When a church worships political ideology instead of God.
“The tendency to equate our political with our Christian
convictions causes politics to generate idolatry.”
— Reinhold Niebuhr
Christianity and Crisis
July 21, 1952
Reverend Guess. If I may.
Doubtless the articles in this space have given you some heartburn over the last couple of weeks. For you and Leigh Hunt Greenhaw, the chair of the United Church of Christ’s Office of Communications, I don’t doubt that you both have experienced many different thoughts and emotions as what you undoubtedly felt to be a good-faith interfaith project, So We Might See, was reported on in a far different light than you could have imagined.
The repercussions have been, you are surely thinking, not happy ones.
But is that really so? Is it perhaps something else instead — a chance to explore? Since other denominations have had members come forward with their thoughts on all of this, I thought perhaps it would be useful to say something to both you, Reverend Ben, and Leigh, in your capacity as the chair of the UCC OC. As always, I speak here for myself, as is the polity of our faith.
Two stories. Two names.
Vernon Johns. Pauline Kael.
Two very different people who, some might think, would never be found occupying the same sentence.
Vernon Johns, though not a household name today, is as I’m sure you both know, considered by many to be the father of the American Civil Rights movement. Once upon a time he was indeed well known. In fact, his sermon entitled Transfigured Moments was so well respected that its inclusion in the 1926 edition of Best Sermons made Reverend Johns the first African-American to have his work included in this annual volume.
Dr. Johns has another, very distinctive role in American religious history, which I’m sure both of you are familiar with as well. He was once the famous pastor of the Dexter Avenue Baptist Church in Montgomery, Alabama. And when the unknown young minister who would take his pulpit began his ministry at Dexter, Martin Luther King, Jr. felt compelled to introduce himself to a larger audience as Dr. Johns’ successor.
The story is told that later, much later, in the late summer of 1963 when Dr. King was globally famous as the leader of the American Civil Rights movement, his fame now completely overshadowing Dr. Johns, Dr. King found himself emotionally and spiritually exhausted. 1963 had been a difficult year, filled with triumph and tragedy. King had led the protests in Birmingham, Alabama — and promptly been imprisoned. Yet while in jail he famously wrote the Letter from a Birmingham Jail. There were other marches, other calls on his eloquence. There were protests in Maryland, Mississippi, and North Carolina. Medgar Evers was assassinated. The legendary Fannie Lou Hamer was beaten and jailed. And perhaps most symbolically of the attacks on freedom that year, four little girls were killed in the bombing of Birmingham’s Sixteenth Baptist Church.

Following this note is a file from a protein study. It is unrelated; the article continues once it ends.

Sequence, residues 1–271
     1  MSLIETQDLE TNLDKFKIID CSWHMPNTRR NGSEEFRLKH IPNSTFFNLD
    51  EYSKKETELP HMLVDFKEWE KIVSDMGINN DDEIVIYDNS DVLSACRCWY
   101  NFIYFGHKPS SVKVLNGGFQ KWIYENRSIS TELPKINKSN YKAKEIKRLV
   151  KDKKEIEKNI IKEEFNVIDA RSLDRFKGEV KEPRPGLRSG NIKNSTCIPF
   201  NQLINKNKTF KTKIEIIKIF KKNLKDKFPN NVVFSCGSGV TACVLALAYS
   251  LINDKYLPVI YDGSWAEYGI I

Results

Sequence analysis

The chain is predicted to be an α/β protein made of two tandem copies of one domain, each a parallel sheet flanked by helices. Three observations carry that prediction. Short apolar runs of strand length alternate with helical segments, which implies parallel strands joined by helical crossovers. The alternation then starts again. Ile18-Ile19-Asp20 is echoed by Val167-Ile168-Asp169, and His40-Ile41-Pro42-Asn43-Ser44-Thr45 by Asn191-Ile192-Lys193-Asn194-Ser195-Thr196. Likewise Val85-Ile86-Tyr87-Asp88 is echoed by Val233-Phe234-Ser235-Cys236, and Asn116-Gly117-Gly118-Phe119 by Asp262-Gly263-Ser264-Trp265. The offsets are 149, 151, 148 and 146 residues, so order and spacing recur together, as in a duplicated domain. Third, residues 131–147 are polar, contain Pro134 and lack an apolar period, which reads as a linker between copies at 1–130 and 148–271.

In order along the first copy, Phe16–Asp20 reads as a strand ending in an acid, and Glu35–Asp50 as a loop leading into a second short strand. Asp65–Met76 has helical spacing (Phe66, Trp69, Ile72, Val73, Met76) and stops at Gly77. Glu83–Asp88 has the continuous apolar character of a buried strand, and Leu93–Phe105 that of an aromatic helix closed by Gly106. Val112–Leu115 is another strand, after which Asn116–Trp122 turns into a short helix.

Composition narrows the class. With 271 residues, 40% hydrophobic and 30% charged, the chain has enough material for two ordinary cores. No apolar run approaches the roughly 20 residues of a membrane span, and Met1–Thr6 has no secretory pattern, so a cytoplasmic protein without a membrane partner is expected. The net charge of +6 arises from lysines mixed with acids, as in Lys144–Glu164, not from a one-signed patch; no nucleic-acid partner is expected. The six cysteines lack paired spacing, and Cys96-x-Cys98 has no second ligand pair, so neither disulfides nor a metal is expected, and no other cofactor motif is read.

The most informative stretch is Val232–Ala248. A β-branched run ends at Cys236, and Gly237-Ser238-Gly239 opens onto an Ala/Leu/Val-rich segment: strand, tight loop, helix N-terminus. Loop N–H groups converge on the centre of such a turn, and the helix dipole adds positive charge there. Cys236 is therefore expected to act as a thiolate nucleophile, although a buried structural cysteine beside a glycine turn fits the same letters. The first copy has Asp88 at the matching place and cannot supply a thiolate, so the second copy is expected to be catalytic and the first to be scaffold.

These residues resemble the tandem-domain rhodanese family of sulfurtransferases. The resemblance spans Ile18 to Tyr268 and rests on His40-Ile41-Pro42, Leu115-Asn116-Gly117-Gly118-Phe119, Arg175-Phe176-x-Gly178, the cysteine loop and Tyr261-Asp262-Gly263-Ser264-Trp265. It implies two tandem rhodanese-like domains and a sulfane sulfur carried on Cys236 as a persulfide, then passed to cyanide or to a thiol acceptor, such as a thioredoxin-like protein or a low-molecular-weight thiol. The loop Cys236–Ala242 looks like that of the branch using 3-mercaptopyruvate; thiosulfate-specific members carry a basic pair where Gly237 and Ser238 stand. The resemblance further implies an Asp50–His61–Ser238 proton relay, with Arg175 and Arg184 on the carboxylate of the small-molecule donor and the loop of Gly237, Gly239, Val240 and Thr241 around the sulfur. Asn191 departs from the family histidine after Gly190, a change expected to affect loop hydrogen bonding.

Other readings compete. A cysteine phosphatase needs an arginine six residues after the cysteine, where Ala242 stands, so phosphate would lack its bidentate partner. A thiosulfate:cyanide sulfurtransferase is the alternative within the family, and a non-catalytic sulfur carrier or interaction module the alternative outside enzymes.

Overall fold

Dr. King, as difficult as it might seem to believe today, was having an increasingly difficult time finding the words he felt he needed to keep going, to keep inspiring. So he sent his lawyer to go find old Dr. Johns. Why? Martin Luther King felt he needed his predecessor’s old sermon notes. He felt that they and perhaps only they could inspire him to keep on keeping on in the job of inspiring change, to continue giving voice to the job of finally enshrining freedom for all Americans. The lawyer, Chauncey Eskridge, managed to locate Dr. Johns in Petersburg, Virginia. Now an old man, he was not doing well financially and Eskridge initially thought him a local wino. It turned out that Johns was not, or so it appeared, much of a sermon note kind of minister. But he had what the lawyer called “clouds in his head” that could materialize on short order as set pieces of inspiring message.
Let’s leave Dr. Johns for the moment and move on to Pauline Kael.
The late Ms. Kael was, over three decades, the acerbic film critic of the New Yorker magazine, no doubt terrorizing a good many movie directors with her tart-tongued assessment of their work. A graduate of the University of California at Berkley, she had chosen writing over a career in the law. Described by the New York Times at her death as possessing “an intellectualism that reflected her background as a student of philosophy,” Ms. Kael divided her time between a lovely home in Massachusetts and a hotel in Manhattan, where she felt compelled to spend several days a week seeing the latest cinematic offerings that she would then dissect with the skill of a surgeon.
Yet there is one quote associated with Ms. Kael that has nothing to do with her career as a film critic.
A man of faith in a godless age is hitting Americans where it hurts.
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